As we were welcoming two new Jews into the Jewish people during a conversion ceremony, a few miles down the street in Downtown Indianapolis, another chapter in the struggle for marriage equality was unfolding.
Soon after a federal court judge struck down the discriminatory marriage law of our state on June 25, couples were lined up to get married. By the time I came back to Fort Wayne later that day, our members Harriet Miller and Monica Wehrle were already among the first to tie the knot – aided by Senior Judge Michael Rush, a Temple member, who officiated at the solemnization of their union of more than 37 years.
They were married on Wednesday afternoon and by Thursday afternoon I had been contacted by two other couples who wanted their marriages solemnized. Neither couple was affiliated with the Jewish community (although one of the women was Jewish) nor were the ceremonies “Jewish” in any traditional way. But these recognitions were Jewish in the sense that they were opportunities to show our support for same-sex couples.
Many clergy who performed same-sex ceremonies during the short window had concerns that we were not treating these couples equally. We did not require pre-marital counseling or a follow-up discussion, as we usually do. At the end, most local clergy who, like myself, were able (and eager) to perform same-sex weddings did it because we felt the importance and urgency of the situation. By Shabbat, it was all over, and we were back to living in a state that treats some loving relationships as having less value than others. Yet things are moving quickly nationally and we may have a positive resolution to this inequality.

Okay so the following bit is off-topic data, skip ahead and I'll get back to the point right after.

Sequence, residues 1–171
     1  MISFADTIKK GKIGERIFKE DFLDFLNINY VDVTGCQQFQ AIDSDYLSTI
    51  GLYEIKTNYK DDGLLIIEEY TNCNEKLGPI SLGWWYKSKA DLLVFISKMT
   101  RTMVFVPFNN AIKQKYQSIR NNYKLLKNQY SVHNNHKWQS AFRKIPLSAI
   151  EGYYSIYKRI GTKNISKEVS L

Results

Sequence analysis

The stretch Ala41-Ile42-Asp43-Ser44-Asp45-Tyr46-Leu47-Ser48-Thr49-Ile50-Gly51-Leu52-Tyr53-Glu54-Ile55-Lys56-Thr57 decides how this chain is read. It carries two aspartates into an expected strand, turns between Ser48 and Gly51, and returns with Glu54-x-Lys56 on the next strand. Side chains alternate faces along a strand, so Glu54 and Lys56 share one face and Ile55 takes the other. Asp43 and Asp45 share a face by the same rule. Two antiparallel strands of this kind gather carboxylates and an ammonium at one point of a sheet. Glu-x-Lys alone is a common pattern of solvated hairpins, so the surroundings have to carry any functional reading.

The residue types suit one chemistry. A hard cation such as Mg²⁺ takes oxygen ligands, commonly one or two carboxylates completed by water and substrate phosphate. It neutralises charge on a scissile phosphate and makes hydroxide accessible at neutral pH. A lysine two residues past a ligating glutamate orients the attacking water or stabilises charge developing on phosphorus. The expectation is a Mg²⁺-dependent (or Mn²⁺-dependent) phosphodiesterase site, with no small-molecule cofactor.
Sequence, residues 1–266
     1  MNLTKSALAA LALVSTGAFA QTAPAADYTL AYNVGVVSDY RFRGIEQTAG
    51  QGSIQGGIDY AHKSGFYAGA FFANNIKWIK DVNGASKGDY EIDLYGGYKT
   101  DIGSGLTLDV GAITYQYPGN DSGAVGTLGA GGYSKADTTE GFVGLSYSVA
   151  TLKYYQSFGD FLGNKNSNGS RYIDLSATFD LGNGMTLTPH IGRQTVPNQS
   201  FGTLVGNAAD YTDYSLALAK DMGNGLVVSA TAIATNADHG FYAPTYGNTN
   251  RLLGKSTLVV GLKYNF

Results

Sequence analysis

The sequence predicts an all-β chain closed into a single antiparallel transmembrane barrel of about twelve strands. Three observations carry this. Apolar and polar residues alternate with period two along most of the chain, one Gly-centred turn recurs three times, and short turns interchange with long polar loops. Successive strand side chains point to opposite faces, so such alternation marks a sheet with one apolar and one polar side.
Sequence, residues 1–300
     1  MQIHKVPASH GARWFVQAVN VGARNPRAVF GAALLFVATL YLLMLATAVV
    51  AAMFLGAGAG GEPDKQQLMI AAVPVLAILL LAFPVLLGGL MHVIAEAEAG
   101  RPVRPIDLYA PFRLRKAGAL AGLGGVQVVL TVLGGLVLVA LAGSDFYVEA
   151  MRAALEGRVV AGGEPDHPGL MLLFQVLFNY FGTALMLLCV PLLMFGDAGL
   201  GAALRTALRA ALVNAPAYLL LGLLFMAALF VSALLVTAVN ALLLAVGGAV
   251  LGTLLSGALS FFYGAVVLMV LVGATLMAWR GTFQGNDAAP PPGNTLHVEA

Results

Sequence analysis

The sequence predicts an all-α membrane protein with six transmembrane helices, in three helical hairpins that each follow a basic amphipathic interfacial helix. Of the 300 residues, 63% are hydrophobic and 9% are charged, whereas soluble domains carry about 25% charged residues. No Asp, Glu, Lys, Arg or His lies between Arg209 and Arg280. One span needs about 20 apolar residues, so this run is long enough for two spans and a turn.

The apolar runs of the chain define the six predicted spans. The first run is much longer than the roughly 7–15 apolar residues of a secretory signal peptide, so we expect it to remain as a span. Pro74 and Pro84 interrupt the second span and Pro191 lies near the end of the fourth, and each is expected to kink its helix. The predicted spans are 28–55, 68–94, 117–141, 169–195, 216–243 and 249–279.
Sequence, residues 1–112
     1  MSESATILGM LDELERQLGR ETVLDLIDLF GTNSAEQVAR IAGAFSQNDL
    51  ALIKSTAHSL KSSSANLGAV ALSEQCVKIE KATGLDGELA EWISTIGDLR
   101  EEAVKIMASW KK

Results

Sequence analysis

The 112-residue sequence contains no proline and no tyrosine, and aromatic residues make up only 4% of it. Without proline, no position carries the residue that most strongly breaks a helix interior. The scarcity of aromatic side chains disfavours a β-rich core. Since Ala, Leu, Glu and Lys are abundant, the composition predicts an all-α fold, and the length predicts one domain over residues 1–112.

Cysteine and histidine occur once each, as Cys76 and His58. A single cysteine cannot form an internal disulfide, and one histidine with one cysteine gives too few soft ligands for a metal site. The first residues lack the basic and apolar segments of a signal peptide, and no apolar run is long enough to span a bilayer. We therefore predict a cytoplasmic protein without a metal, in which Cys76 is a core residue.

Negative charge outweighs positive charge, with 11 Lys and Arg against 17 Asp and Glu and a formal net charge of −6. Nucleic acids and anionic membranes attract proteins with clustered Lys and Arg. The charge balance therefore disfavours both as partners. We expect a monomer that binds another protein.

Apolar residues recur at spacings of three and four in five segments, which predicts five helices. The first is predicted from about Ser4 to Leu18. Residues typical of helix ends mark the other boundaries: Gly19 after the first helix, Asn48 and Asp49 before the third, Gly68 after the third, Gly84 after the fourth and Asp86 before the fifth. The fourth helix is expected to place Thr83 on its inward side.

If same-sex marriage equality is the civil rights issue of our time, it is imperative to act quickly, to take a stand in favor of equality, to “stand on the side of love,” as our Unitarian Universalist friends put it.
Solemnizing same-sex marriages was for me an issue of social justice for couples who, in many cases, have been living as a family for decades. During the time it was legal, albeit brief, it was an honor and a joy for me to be a part of it. The ceremonies also were a way to represent our Jewish values and the willingness of our congregation to welcome all families.
The future looks bright, but equality will not just come on its own. We must continue to work toward it by being vigilant against prejudice and by taking every opportunity to express our support for the issue, not only as a civil rights issue, but also as an issue that we as Jews see as an integral part of our value system and of what we envision as a just and equitable society. Let’s bring it back!